The idea that being more collaborative goes hand in hand with being weak, and giving in on what really matters is baseless. The new Prime Minister of New Zealand, has said she wants to be known for creating a kinder government but emphasises that you can both ‘be empathetic and have steel’. You can truly listen to others, look for compromise, yet never lose sight of the ideals and goals you’re pursuing.

“Especially now. What worries me more than the (lack of) Brexit outcome parliament produces, is that in mirroring pigheaded politicians”


And an attempt at compromise doesn’t mean that one party will have to bow to the other -a belief perhaps born out of the shattered hopes of the LibDem Tory coalition-, or that the results are always blandly centrist. A great example is the deal which made the Green’s support SNP’s government budget, in exchange for more core funding and extra powers for local councils. Both parties described it as the result of ‘constructive politics’.

Certainly, Westminster is in dire need of some constructive, rather than destructive politics. But how do we change the age-old tradition of bellowing and cheering? A system of proportional representation, like in Scotland would enable more minority parties to be elected, forcing all parties to truly listen to concerns and pursue collaboration in deals or coalitions.

A system of proportional representation, like in Scotland would enable more minority parties to be elected, f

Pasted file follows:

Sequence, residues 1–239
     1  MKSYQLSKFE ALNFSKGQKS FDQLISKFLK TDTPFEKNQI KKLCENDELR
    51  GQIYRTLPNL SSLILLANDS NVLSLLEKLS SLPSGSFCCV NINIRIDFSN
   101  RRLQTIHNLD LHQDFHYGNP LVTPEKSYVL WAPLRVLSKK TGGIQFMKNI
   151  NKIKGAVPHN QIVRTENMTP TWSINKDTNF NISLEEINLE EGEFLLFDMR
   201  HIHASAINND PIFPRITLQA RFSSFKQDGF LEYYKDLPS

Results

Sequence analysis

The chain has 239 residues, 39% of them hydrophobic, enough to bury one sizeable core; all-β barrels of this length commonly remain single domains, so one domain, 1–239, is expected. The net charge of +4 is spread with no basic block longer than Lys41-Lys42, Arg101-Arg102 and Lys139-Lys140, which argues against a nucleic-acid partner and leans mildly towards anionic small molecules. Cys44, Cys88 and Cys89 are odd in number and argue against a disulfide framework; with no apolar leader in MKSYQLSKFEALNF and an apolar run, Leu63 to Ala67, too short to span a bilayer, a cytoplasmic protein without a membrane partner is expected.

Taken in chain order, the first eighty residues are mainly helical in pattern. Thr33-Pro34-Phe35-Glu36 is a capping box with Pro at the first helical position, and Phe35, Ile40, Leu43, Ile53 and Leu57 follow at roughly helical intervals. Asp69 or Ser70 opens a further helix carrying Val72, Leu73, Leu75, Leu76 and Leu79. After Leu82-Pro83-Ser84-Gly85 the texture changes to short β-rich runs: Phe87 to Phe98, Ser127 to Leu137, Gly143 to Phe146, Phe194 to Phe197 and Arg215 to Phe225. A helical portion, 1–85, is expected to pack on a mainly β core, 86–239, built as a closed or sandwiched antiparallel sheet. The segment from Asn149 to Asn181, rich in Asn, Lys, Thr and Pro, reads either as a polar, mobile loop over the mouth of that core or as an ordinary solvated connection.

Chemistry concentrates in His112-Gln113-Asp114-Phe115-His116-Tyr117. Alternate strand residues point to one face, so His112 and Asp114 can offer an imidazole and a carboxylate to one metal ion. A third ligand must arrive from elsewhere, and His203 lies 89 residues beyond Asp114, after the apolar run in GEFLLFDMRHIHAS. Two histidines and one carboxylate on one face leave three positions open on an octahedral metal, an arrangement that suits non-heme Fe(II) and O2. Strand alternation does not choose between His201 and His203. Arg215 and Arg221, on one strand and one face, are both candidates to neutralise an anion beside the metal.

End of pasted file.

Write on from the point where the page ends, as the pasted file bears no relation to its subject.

While we’re fighting to win such drastic political change, there’s a more immediate way to take some of the aggression out of the debate; take the debate out of Westminster. If citizens, rather than politicians could deliberate on important issues, this would create a kinder politics in two ways. Firstly, citizens, while perhaps just as passionate, do not have the same political interests and re-election fears as politicians. Secondly, in a deliberative setting, people who are in conflict will be less likely to take an adversarial, win-lose approach, be more open and empathetic to others and their different views, and are thus more likely to reach a conclusion that is acceptable to most.

“Especially now. What worries me more than the (lack of) Brexit outcome parliament produces, is that in mirroring pigheaded politicians”


Notwithstanding that politics will always be full of conflict, and that consensus is therefore too ambitious a goal, a political setting that decreases rather than widens the division among our citizens is one worth fighting for.

Especially now. What worries me more than the (lack of) Brexit outcome parliament produces, is that in mirroring pigheaded politicians, the country will only grow more bitterly divided. Therefore, let the people do what politicians can’t; to have an open deliberation on Brexit, where we try to listen to each other and remember that Britain’s fate matters to all of us.

Sam CoatesComment